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Britain’s Boxing Day Falls Short, Weighed Down by Shopping Patterns and Brexit

Retail foot traffic fell 3.1 percent on Boxing Day in the U.K., declining for the third consecutive year, according to data from Springboard, a provider of insights on bricks-and-mortar retail activity.

Springboard, which tracks customers throughout the U.K. using automated technology, said this indicates the lessening in importance of Boxing Day for retail sales.

“Over the last few years, footfall on Boxing Day has consistently been around 10 percent lower than on Black Friday and this year it was 10.7 percent lower,” Springboard said in a report. “Footfall on Boxing Day was also 12 percent lower than on Saturday, Dec. 22, the peak trading day before Christmas.”

The report said part of the reason for the drop in traffic is “the almost continuous discounting that has been taking place by retailers this year,” especially on and after Black Friday, although Boxing Day is an important opportunity for consumers to pick up items at clearance prices.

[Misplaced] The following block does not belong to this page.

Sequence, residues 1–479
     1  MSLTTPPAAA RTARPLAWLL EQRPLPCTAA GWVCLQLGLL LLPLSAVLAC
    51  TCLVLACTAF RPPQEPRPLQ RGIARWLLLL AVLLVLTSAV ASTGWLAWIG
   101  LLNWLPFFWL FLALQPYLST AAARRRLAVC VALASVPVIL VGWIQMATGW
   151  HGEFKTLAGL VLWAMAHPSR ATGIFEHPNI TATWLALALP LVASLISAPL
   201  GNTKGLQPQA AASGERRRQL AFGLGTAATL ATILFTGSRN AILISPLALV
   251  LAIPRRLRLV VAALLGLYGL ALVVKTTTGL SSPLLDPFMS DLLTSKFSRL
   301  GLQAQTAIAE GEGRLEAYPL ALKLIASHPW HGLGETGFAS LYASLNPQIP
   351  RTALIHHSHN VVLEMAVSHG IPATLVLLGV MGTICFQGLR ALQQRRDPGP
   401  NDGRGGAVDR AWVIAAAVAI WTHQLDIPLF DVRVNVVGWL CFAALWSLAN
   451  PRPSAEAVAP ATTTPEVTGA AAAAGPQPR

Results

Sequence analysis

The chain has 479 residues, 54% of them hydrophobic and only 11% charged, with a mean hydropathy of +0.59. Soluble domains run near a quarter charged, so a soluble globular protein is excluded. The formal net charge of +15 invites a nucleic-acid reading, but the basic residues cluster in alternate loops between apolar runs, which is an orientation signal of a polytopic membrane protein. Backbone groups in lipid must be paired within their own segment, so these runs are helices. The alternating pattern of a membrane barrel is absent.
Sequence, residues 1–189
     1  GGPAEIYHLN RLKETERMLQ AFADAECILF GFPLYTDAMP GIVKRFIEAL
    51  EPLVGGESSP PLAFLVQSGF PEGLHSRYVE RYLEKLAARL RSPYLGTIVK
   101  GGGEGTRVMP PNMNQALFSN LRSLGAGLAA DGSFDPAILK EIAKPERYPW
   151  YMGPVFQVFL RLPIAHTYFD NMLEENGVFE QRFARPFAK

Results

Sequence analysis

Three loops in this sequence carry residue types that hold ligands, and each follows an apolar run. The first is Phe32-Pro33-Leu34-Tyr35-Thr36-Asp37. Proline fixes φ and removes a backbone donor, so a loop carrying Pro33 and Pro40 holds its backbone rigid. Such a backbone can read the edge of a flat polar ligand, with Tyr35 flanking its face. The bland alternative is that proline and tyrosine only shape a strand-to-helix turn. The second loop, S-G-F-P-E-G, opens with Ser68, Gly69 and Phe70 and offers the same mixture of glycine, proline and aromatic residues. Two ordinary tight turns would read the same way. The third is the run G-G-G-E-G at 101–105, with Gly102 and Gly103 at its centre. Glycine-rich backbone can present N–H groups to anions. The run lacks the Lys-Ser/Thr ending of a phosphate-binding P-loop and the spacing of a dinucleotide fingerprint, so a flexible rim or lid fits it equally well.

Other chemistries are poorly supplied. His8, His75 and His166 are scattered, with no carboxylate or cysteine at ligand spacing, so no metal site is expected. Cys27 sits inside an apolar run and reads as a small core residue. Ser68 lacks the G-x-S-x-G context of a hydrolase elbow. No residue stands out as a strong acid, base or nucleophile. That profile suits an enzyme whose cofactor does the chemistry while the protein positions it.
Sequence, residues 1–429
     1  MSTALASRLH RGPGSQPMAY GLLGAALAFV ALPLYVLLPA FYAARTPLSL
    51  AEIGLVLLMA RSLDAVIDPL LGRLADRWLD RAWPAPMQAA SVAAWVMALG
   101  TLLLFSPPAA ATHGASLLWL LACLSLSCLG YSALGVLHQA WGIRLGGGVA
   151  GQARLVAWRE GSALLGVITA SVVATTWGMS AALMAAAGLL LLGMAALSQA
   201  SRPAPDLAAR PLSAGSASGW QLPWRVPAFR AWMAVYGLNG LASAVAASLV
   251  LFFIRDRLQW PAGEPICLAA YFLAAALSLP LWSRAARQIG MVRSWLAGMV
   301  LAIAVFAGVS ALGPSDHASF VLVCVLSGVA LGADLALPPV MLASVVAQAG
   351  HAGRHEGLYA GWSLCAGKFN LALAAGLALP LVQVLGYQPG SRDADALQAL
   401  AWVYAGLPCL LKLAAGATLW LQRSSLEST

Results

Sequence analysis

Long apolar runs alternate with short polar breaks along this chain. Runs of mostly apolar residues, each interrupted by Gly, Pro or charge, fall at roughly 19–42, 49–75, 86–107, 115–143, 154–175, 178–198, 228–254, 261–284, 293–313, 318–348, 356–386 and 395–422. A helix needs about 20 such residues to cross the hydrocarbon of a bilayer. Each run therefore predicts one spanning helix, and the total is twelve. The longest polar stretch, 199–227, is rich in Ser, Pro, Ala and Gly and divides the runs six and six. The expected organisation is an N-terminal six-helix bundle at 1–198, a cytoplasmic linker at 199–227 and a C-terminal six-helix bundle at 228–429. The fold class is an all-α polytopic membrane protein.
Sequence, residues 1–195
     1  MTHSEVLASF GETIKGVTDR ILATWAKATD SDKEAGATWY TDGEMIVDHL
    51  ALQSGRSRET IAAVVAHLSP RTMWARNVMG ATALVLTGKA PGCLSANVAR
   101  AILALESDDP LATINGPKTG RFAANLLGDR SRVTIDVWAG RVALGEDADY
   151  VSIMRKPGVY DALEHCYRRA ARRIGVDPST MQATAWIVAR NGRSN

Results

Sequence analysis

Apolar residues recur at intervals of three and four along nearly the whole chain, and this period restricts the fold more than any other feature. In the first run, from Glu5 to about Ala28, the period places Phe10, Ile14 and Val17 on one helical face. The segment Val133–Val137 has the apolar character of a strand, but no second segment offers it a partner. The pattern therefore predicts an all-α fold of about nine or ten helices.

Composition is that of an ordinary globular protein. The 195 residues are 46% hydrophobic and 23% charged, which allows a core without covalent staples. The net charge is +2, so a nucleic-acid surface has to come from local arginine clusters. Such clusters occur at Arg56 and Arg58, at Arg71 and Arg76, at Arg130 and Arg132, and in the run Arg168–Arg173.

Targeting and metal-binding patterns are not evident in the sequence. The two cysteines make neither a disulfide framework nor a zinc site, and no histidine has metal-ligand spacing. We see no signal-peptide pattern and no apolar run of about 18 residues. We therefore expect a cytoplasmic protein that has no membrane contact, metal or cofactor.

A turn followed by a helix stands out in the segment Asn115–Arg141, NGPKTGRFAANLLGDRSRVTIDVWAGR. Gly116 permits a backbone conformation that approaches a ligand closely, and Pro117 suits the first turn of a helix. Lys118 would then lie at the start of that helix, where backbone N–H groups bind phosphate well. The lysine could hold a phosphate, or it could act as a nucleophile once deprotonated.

“However, many retailers offer greater discounts online than in store, which discourages shoppers to visit retail destinations and bricks-and-mortar stores,” Springboard added.

The report surmised that many consumers who visited retail destinations on Boxing Day did so as part of a wider leisure experience, and the greater variety of restaurants and coffee shops on high streets enables them to enhance the experience.

Footfall at retail malls also worsened this year, with a drop three times as great as last year, Springboard noted. At least part of this decline will have been a function of low consumer confidence that plays out in shoppers being less likely to spend significant sums on large household goods. The U.K. economy has been shaky due in great part to the prolonged debate over Brexit that has caused political and social turmoil negatively affecting consumer confidence.

BBC News reported that retailers in London’s West End declared a “Boxing Day bounce,” with a 15 percent increase in traffic from last year. Shoppers on London’s Oxford Street told BBC News they came out for a bargain and to browse products in person rather than buying them online.

The U.K.’s Office for National Statistics said in a recent report that online sales made up 21 percent of retail sales in November. Online retailer Asos said this month that in the U.K., the company continues to have strong sales growth but “this has been achieved at the cost of more promotional activity than initially planned and consumers buying into lower priced product. Consumer confidence is increasingly fragile.”